The difficulties encountered by the Commission in monitoring compliance led the Ombudsman to reiterate her suggestion that the Commission makes public in a more timely way information on all post-service activities of senior former staff members that it assesses. This would improve public scrutiny of these decisions, which is essential for monitoring purposes.

Recommendation on how the European Defence Agency handled the applications of its former Chief Executive to take on senior positions at Airbus (OI/3/2021/KR)

Tuesday | 01 February 2022

The Ombudsman conducted an inquiry on her own initiative into the decision of the European Defence Authority (EDA) to allow its former Chief Executive to take up two senior positions with Airbus, an aerospace company.

The Ombudsman’s inquiry also looked into how the EDA dealt with the fact that the former Chief Executive took up his new positions before the EDA had authorised him to do so, which is a breach of the EDA’s Staff Regulations.

The Ombudsman found that the conditions imposed on the former Chief Executive by the EDA in its authorising decision were insufficient when measured against the risks, and could not be monitored and enforced. There were also shortcomings in how the EDA assessed the risk of conflicts of interest.

The EDA should have instead applied stronger conditions and forbidden the former Chief Executive from taking up the position which gave rise to the greatest risk of conflict with the EDA’s legitimate interest. Not doing so amounted to maladministration by the EDA.

Based on these findings, the Ombudsman issued two recommendations:

(i) In future, the EDA should forbid its senior staff from taking up positions after their term of office where a clear conflict of interest arises with the legitimate interests of the EDA;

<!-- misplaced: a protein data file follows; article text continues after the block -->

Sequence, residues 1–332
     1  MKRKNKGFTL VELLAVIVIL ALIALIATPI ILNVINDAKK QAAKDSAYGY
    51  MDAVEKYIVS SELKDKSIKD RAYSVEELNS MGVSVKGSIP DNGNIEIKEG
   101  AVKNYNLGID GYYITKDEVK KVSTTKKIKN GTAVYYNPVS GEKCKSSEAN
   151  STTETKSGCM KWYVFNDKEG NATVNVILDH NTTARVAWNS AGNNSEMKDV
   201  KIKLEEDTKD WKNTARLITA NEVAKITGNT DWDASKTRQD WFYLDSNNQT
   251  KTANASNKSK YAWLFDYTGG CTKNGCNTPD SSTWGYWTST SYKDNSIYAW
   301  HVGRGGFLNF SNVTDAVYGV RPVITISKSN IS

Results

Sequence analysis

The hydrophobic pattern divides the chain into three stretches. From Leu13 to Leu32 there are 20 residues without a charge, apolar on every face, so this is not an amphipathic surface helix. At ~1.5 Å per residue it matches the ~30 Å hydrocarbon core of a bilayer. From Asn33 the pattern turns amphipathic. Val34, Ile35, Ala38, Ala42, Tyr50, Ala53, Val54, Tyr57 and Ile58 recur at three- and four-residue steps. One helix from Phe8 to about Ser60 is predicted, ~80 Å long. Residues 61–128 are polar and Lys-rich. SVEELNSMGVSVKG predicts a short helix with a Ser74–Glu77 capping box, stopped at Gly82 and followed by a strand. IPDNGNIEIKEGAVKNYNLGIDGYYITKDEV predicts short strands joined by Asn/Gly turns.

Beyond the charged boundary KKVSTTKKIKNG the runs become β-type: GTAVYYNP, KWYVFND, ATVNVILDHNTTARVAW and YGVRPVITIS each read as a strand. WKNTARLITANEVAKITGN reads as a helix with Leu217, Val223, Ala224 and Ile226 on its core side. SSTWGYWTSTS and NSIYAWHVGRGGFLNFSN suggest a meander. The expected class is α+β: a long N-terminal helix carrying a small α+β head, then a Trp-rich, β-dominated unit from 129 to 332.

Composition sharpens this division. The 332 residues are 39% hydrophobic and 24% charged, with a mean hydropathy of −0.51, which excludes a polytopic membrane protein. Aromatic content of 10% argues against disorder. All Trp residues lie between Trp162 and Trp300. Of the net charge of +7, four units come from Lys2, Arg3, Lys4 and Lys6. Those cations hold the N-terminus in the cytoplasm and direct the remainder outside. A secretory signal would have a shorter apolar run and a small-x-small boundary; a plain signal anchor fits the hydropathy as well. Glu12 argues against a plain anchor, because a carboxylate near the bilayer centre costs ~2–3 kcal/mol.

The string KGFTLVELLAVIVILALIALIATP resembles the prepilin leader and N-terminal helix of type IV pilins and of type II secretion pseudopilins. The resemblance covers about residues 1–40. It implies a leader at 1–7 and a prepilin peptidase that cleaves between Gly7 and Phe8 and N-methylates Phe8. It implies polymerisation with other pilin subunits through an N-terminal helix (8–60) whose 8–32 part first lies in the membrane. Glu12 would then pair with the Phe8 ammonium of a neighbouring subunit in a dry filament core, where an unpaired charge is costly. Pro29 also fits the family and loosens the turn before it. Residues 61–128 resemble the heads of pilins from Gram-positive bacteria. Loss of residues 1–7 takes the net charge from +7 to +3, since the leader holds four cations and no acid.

(ii) The EDA should set out the criteria for forbidding such moves, in order to give clarity to senior staff. Applicants for senior EDA posts should be informed of the criteria when they apply.

Decision in case OI/3/2021/KR on how the European Defence Agency handled the applications of its former chief executive to take on senior positions at Airbus

Friday | 28 January 2022

The case concerned the decision of the European Defence Agency (EDA) to approve, with conditions, two intended jobs of its former chief executive, namely as head of public affairs for Airbus Spain and as strategic advisor for Airbus Defence and Space.

The Ombudsman found two instances of maladministration and made two recommendations and one suggestion to avoid similar issues arising in future.

First, the Ombudsman recommended that, in future, the EDA should forbid its senior staff from taking up positions after their term of office where a clear conflict of interest arises with the legitimate interests of the EDA.

Second, the Ombudsman recommended that the EDA should set out the criteria for forbidding such moves, in order to give clarity to senior staff. Applicants for senior EDA posts should be informed of these criteria.

Furthermore, the Ombudsman suggested that the EDA should ensure that the specific form for those applying for authorisation for intended jobs is drafted in such a way that (former) staff members provide the relevant information to enable the EDA to perform a meaningful assessment from the outset.

The EDA agreed in essence to implement the recommendations on potentially forbidding staff from taking up certain positions and providing guidelines to staff on how it would apply such a measure. It indicated that it had started to adopt measures to implement the recommendations. At the same time, the EDA raised some questions about the Ombudsman's findings, which the Ombudsman has addressed in this decision.

The Ombudsman invites the EDA to inform her of any future actions it takes in relation to her recommendations, in particular with regards to the EDA’s criteria for forbidding intended jobs that give rise to clear conflicts of interest.